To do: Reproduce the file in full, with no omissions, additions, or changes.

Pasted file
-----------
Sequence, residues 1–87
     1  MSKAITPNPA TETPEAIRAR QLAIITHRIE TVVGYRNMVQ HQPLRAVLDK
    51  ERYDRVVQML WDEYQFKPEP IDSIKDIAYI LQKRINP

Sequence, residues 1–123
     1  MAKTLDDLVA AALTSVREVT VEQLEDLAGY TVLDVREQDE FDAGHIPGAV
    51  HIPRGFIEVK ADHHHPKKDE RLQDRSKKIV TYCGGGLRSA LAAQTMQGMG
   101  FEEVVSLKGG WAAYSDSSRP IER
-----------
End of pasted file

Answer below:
Sequence, residues 1–87
     1  MSKAITPNPA TETPEAIRAR QLAIITHRIE TVVGYRNMVQ HQPLRAVLDK
    51  ERYDRVVQML WDEYQFKPEP IDSIKDIAYI LQKRINP

Sequence, residues 1–123
     1  MAKTLDDLVA AALTSVREVT VEQLEDLAGY TVLDVREQDE FDAGHIPGAV
    51  HIPRGFIEVK ADHHHPKKDE RLQDRSKKIV TYCGGGLRSA LAAQTMQGMG
   101  FEEVVSLKGG WAAYSDSSRP IER